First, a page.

Technical writers or non fiction writers scribble to pay the bills and for the love of the analytical or the exercise of truth or deception.

Fiction authors write to illuminate their world or escape it.

Whichever kind of writer, it's all about staying alive and helping or entertaining others.

The Writing Life

Like most writers, I have a love of reading and the power of words. When I was younger, I read everything I could get my hands on, but I don’t consider myself well read. I consumed books like a starved person, so quickly I hardly knew what I had read. By some strange process of osmosis, I learned from everything I read, but I cannot give you an erudite discussion of characters, plots, or authors. I can only tell you it’s lodged some where in the core of my being and informs my writing.

In addition to reading, I’ve spent a life time writing---from that first elementary school composition to my college days when I studied French literature and wrote explications de texte. Along the way, I fell into technical writing--to put food on the table and pay bills. In the 90s, I had the good fortune to take a dialog class with Sol Stein, former owner of Stein & Day publishers in New York and a prolific author. That led to his California-based writers’ group, Chapter One. It was a rigorous, ego-bruising experience, but I was intent on learning everything I could about fiction writing. A few years ago, I also had the good fortune to study with another writer, Louella Nelson, an experienced romance writer and teacher of fiction writing. She provided a different perspective and balance to my writing.

My novel, DREAMING OF LAUGHING HAWK, a mainstream, Sixties era novel, is available on Amazon in print and ebook (also available in Canada, Europe, Japan, and Brazil). Download a free sample. If you like it, I hope you'll download the book and post a review on Amazon.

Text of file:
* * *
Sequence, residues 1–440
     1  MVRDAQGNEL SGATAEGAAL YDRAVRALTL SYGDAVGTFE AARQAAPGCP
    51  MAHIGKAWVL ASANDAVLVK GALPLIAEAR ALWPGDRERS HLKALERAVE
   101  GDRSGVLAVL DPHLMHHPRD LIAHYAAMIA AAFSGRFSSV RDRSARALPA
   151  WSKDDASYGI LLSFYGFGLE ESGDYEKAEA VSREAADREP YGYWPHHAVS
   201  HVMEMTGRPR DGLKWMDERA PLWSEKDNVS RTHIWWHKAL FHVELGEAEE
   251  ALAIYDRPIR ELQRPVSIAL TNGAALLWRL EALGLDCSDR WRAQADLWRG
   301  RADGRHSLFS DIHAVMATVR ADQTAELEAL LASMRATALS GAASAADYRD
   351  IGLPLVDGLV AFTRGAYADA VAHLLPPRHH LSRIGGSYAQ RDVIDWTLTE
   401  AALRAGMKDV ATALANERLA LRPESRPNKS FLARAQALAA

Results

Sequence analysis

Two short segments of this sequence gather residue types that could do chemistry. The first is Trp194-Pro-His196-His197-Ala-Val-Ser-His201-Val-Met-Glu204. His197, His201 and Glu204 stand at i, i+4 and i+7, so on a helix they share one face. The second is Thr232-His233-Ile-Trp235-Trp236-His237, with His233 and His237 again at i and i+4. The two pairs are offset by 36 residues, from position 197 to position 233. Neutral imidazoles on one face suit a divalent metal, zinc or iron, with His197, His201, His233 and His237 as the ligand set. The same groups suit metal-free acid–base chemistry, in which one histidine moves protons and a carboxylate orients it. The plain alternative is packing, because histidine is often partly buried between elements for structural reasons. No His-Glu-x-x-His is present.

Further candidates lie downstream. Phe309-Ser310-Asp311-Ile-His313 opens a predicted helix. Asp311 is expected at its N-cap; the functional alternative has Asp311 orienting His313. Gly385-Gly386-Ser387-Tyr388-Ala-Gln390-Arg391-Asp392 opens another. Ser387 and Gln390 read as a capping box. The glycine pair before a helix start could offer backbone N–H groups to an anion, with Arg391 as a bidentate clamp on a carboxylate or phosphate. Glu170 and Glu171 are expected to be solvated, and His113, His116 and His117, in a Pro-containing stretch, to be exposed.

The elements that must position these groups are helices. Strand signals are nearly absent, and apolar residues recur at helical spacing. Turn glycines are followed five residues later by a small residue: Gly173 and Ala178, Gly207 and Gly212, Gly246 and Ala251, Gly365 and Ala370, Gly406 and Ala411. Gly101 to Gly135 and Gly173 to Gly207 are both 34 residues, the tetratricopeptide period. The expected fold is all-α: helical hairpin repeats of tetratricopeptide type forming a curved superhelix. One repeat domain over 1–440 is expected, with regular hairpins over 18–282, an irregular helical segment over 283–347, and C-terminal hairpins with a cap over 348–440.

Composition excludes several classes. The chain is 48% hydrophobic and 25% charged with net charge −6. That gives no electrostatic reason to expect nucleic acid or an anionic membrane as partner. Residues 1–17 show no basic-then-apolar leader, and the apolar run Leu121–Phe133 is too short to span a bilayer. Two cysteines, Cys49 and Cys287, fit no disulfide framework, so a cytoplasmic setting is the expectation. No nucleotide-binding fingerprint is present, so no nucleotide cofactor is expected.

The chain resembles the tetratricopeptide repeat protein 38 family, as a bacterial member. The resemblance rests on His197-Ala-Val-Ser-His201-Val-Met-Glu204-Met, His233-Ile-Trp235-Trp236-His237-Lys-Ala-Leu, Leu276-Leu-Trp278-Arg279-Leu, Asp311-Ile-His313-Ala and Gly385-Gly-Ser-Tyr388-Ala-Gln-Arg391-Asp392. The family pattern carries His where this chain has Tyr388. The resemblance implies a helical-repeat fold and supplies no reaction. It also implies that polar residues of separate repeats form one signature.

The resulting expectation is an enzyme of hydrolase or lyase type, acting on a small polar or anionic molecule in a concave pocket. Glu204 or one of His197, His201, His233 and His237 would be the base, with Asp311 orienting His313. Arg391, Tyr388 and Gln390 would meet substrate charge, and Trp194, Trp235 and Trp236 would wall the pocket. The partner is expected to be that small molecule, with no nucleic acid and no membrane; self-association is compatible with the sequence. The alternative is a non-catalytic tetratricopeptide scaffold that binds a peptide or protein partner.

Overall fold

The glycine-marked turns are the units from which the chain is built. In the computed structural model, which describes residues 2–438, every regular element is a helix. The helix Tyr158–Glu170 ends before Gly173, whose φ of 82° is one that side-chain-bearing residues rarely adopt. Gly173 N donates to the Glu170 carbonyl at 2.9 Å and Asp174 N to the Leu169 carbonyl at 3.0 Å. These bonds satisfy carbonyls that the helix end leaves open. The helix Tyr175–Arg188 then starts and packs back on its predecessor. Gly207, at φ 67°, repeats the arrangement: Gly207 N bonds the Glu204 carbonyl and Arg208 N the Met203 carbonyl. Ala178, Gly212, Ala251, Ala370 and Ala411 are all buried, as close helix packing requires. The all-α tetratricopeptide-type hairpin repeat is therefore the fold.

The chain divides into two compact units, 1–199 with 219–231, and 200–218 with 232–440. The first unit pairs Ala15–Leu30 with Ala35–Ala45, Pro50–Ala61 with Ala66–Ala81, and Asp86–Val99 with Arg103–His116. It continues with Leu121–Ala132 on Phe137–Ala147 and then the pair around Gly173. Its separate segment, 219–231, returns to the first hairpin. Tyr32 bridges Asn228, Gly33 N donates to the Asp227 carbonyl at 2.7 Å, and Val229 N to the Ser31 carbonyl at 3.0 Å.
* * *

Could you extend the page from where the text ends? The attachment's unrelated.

Friday, May 5, 2017

The Promise: the Armenian Genocide

I am not Armenian, though my husband is, and I would like to see a comprehensive movie or documentary that portrays the Armenian genocide accurately and fully. If we can see detailed documentaries and movies on the Nazi regime and the Jewish genocide practically any day of the week on cable TV, I think there ought to be room for the Armenian story. It's an important story.

Recently, I went to see The Promise about the 1915 genocide of Ottoman Empire's Armenian citizens. Like the Turkish version of this story, The Ottoman Lieutenant, it is saddled with a love triangle. Nevertheless, both films impart some understanding of this time in history. A family member told me The Promise should have been more violent because that would be more appealing to Americans and help them understand the Armenian story. I don't think more violence would have made any difference--perhaps a deeper dive into all the elements that brought about this sad chapter in history would be more useful.

In any event, The Promise was overall a satisfying film. The dialog was good, the scenery was beautiful, haunting. The story revolves around Mikael, an apothecary in a small Armenian village in the southeastern part of the Ottoman Empire. He longs to go to medical school to become a doctor. The way to do that is to promise himself to the daughter of a rich man and use the dowry to go to Constantinople to study at the Imperial Medical Academy.